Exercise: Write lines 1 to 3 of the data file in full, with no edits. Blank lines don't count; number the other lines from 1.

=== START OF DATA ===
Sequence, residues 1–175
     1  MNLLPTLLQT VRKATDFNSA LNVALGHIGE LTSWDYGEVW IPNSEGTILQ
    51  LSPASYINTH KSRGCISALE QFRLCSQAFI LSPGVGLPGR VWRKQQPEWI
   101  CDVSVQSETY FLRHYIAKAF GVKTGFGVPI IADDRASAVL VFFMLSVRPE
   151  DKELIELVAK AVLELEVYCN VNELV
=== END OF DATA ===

Sequence, residues 1–175
     1  MNLLPTLLQT VRKATDFNSA LNVALGHIGE LTSWDYGEVW IPNSEGTILQ
    51  LSPASYINTH KSRGCISALE QFRLCSQAFI LSPGVGLPGR VWRKQQPEWI